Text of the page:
The daily collegian. (University Park, Pa.) 1940-current, October 29, 1940, Image 1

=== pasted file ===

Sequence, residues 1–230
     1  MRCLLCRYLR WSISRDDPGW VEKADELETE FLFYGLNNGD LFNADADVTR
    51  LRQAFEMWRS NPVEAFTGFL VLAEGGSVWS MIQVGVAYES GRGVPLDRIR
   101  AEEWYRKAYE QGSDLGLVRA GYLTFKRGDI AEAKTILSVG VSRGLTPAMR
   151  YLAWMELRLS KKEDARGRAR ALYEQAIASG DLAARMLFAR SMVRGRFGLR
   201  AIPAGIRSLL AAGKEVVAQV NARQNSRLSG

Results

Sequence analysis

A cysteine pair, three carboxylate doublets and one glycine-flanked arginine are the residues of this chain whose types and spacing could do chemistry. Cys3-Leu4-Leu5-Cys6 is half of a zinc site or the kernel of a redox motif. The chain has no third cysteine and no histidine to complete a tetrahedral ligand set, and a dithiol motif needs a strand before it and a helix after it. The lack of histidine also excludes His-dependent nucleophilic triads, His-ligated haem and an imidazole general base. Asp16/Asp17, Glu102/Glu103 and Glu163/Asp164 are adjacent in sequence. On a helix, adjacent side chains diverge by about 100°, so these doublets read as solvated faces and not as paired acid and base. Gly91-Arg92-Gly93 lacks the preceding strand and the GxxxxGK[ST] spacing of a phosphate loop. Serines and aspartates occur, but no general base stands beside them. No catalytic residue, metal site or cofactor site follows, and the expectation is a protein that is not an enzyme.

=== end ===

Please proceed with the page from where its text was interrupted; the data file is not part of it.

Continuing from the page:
Successor to • the Free Lance, Established 1887 VOL. 37—No. 32 Gridders Prime For Gamecock Tilt After Owl Battle Confident after superlative de fensive work and crushing running pcnver unleashed in the Temple game netted them an overwhelm ing 18 to 0 victory over the highly rated Owls, the unbeaten, untied Lion gridders began preparations yesterday for the battle with the South Carolina eleven here' n Sat urday. Coach Bob Higgins sent his var sity players through a defensive drill against Gamecocks' plays, which were performed by the third stringers. The visiting outfit uses. the Notre Dame offensive system and the Blue and White will be up against Knute Rockne's shift for the first tune this season. All men who saw action Saturday came out of the tilt in good shape. With quarterback phne Pat rick mixing his plays to perfection against a bewildered Temple de- fense, the Lions used their unre.- sistable off-tackle thrusts and de ceptive reverse runs to pile up a three touchdown margin over the Owls and came close 'to scoring three other times. State's brilliant 'forward wall, in the meantime, stopped the opp'on ent's running offensive and kept the Quaker City team in its own backyard except for a temporary threat in the second period. Chuck Peters, Pepper Petrella and Len Krouse paced the attack which netted six-pointers in the first, second and fourth periods. The first tally came on an eight- yard romp ' off right tackle by Peters. The other touchdowns were by Petrella a .dazzling 35-Yard run and. a five yard slash through the line. Temple's ace passer, Andy Tom asic, gave the State fans a few un easy moments in the first half with his accurate tosses but the Blue and White secondary stopped the Owls' aerial barrage with several interceptions in . the .final two quarters. Finance Board Approves Budgets Additions to the budgets of the Liberal Arts, Mineral Industries and Chemistry and Physics student councils were approved at a meet ing of the Interclass Finance Board ,last night. Tiventy-five dollars was granted to the Liberal Arts council for five student-faculty mixers, while a $6O addition to the Chemistry and Phy- sics budget was approved in order to bring a well known speaker here for a student-faculty banquet later during the year. Two additions, amounting to $35, were granted to the 'Mineral In- dustries council. Twenty-five dol- lars will be used to 'sponsor a mix er and the remaining $lO will fin ance a student-faculty banquet. Action on the $42 sign-damage bill was postponed until the next meeting. LA council Will Add Four C and F Juniors • Four, junior men . to represent the commerce . and finance curriculum will be chosen by the LA Student Council from those who submit petitions to Student 'Union by Thursday noon, Thomas J. Robin son ,'4l, elections 'chairman, an nounced yesterday. All candidates must submit pe titions containing signatures of 22 commerce and finance juniors and must have an average of "I." 0 -- - ----...„.:. -. 4, Tilt .1 13 Wag- c , z.) ~.„....,,. El esrp,..mr'' Toll tglatt clo W ud e y at t e ii r g _ htiy Warmer. ! !I s :5- i j Grants Voting Excuses ~ ~~ ~ G®~ \ ~~~~ D~ .: } » a~~ ~ ~ ~~ a ~ ~ ;~ ~ ~ z ~~p~+© A. R. Warnock, dean of men, ad vises all men who wish to vote on November 5 that they will ; be ex cused from whatever" class work tbey might miss in making the trip home, since the College has designated this election practice as a legitimate absence. Physics Leaders Close Conference The annual meeting of the Pennsylvania Conference of Col lege Physics Teachers was held last weekend with 108 teachers registering from every recognized college and university in the state. These teachers and about 300 students visited the book, and ap paratus exhibit§ in the New Phy sics Building: -A - - symposium "Physics from. the. - standpoint of the Pre-medical Student," was held for visiting students. Professor W. R. Ham,was chair man of the meeting, Dr. W. P. Davey was chairman of the com mittee on arrangements. Prof. D. C. Duncan was chairman of the local State College Committee, in cluding Professors 0. F. Smith, W. H. Pielemeier, and M. H. White. Other speakers were: Dr. M. A. Emmerson, University of Pennsyl vania; Dr. A. P. Allen, University of Pittsburgh, and Dr. M. N. States, Central Scientific Co., Chi cago, 111. Laich Compliments Bugle Corps For Welcoming Lion Grid Team" In an open letter Arnold C. Laich '4l, All-College president, yester day praised the State College Drum and Bugle Corps for its "excellent cooperation" in turning out to wel come the football team on its re turn Sunday afternoon, from the turn Sunday afternoon from the The corps and the Blue Band, which got back from Philadelphia before the team, led a mass wel come for the gridders in which ap proximately 2000 students and townspeople participated. Laich's letter follows: To the State College Drum and Bugle Corps and the citizens of State College: In behalf of the Penn State stu dent body. I wish to expfess its gratitude to you for turning out to welcome the Penn State foot ball team on its return from the Temple-Penn State game. The manner in which the corps was assembled in uniform within a few hours and the cooperation of the townspeople are worthy of highest praise. This reception was another step in creating a bigger and better Penn State and in cementing OF THE PENNSYLVANIA STATE COLLEGE TUESDAY MORNING, OCTOBER 29, 1940, STATE COLLEGE, PA Chances 'Slight' For Armory Grant The cost of the proposed new College armory has been estimated by the WPA at $1,800,000 but chances for having the request ap proved are "very slight," Rep. James E. Van Zandt told the Daily Collegian yesterday. The' reason for this, he explain ed, is that only $25,000,000 has been allotted as a defense fund and there are many things that must be done with this appropri ation. ?Y. v :: ;:i,~^.. He suggested that a more likely way of having the armory built would be to have it sponsored by the state as a regular WPA pro ject. Representative Van Zandt seemed of the opinion that in this way the usual building value re striction would be removed be cause of "the national defense as pect of the construction." Plans for the erection of a new armory were disclosed about two weeks ago by Col. Ambrose R. Emery, head of the College ROTC unit. If built according to present plans, he said, the armory would be approximately twice the size _of Rec Hall and Would be one of the largest college armories in the country. Colonel Emery said that the new armory could be used for "innum erable College activities and as semblies" when not being used by the ROTC department. Election Night Party Planned Next Tuesday Tentative plans for an Election Night party to be held in Old Main, possibly in the Sandwich Shop, were announced yesterday by Stu dent Union and The . Daily Colleg ian, its joint sponsors. According to plans the party will begin about 9 p.m. on Election Day, November 5, and last into the morning hours as radio returns on the election file in. Refreshments would be available. Weyl Named Chairman Dr. Woldemar Weyl, professor of glass technology, has been ap pointed chairman of a committee to represent the American Cera mic Society at the meetings of the Inter-Society Color Council for the period of April 1940 to March 1941. t ,. .., ii':.i.':;.............. . . %..:.;... :i.,.',.. friendly relations between stu dents and townspeople. I extend my most sincere appreciation and hope for continued cooperation in the future. Arnold C. Laich '4l Amy Laich, All-College president Cleveland Orchestra Signs To Play In -Artists' Series Takes Second Bow Dr. Artie• Rodzinski, conductor of the Cleveland Orchestra, re turns to Penn State to lead his group in the second Artists' Course Series performance to be given March 17. Dr. Rodzinski appeared here with his orchestra in the same series last year. Thespian Ticket Sale Begins Today Tickets for the fall Thespian production "The Balloon Goes Up," which is scheduled for Schwab Auditorium this Friday and Satur day nights, will go on sale this morning at Student Union and Corner Room, it was announced late last night by George L. Par rish '4l, Thespian president. In order to sidetrack the usual Saturday night rush for tickets, Friday prices have been reduced to fifty cents per person, and Sat urday tickets will sell for seventy five cents, Parrish revealed. Costumes for the entire cast have been donated to the Thespian Club by its newest honorary mem ber Fred Waring. Thespian tech nical crews have spent weeks con ceiving the most elaborate scenery any campus musicomedy has had in the past decade. And Sock Ken nedy, the little man behind every Thespian success, was busy per fecting spectacular dance routines and putting the punch into the dozen musical numbers. Parrish disclosed last night that the new show would embody skits on the Corner Room, College dis pensary, and the ROTC. Ned Start zel, No. 1 funnyman of the Three Stooges, will play. the part of Myrtle, the girl behind the desk - at the dispensary, and Leon Rabin owitz will portray Chief Stuba, a policeman, in the Corner Room skit. David N. Denman Supports Absentee Voting Drive Added support was given to the absentee voting campaign yester day. by David N. Denman, Re publican candidate for the state legislature fr o m Westmoreland County, who agreed entirely with the purposes of the drive being sponsored by the Daily Collegian and the All-College Cabinet. Meanwhile, more than 100 stu dents joined the campaign by mail ing postcards to candidates for the General Assembly from their home districts. Free postcards, a complete list of candidates for both the Senate and the House of Representatives, and a suggested message, may be obtained at Student Union. PRICE FIVE CENTS Artur Rodzinski Conducts Performance, March 11 Announcement that the Cleve land Orchestra under the baton of Dr. Artur Rodzinski has been bOoked for its second Artists' Course Series concert was made yesterday by Dr. Carl E. Mar quardt, committee chairman. The orchestra, entering its twenty third season, will appear here on Monday evening, March 17 in Schwab Auditorium. Offering twenty-two years of ex perience, the Cleveland Orchestra is prepared to support the effort of the Course committee to equal or excel the performances of last year. Dr. Artur Rodzinski, now in his eighth year as conductor, has a responsive and well-drilled orch estra of eighty-two virtuosos. -In its tours the orchestra has played 856 concerts in 25 states and covered North America from Kansas City to Bangor, Maine, from Ottawa, Canada, to Havana, Cuba. Only. two conductors have been. in charge of the orchestra since its founding. Nicholai Sokoloff served as conductor from 1918 to 1933 and was succeeded by Artur Rodzinski. Rodzinski's seven years as direc tor have placed the Cleveland Or chestra among the handful of the finest musical institutions in this country. Not only for the perfec tion of its performances, .but for the scope and distinction of its repertory- has it won such. a high. place. When the orchestra played in. Carnegie Hall last season, Olin Downes of the New York Times wrote enthusiastically of the per formance: "We owe to liodzinski one of the most interesting orch estral concerts of the season in this city and the exciting realization of the waxing powers of a re markable conductor." 1 11 11 11 11 1111111111111111111111111111111111,111111111111111111111111111 IF Late News Bulletins 111111111 11111111111111111111111111111111111111111111111111IMM1111111 Athens The Italian foreign. minister to Greece made a formal declaration of war last night against Greece. The Axis powers declare that they are basing their actions on England's demands to use certain Grecian islands for war bases. ' Though no formal state ment has been issued by Turkish 'officials, it was' rumored that Tur key would aid poorly equipped Greece. Premier Mussolini told his forces he would give them three weeks to take over Greece. Rumania Hitler is sending re inforcements to Rumania and is feverishly attempting to guard the new Nazi-owned oil fields. Madrid Movement of General Franco's troops across Spain prob ably to aid the Axis powers in the invasion of Gibraltar was report ed. Detroit—Joe Louis heavyweight champion, told reporters that he would make six speeches boosting Wendell L. Prague English air fighters left devastation behind them as they bombed a 400 acre munitions plants in Czechoslovakia yester day afternoon. The RAF also was active in Germany as they bomb ed six towns, directing their aerial destruction at the industrial plants and seaports. England received a light bombing last night.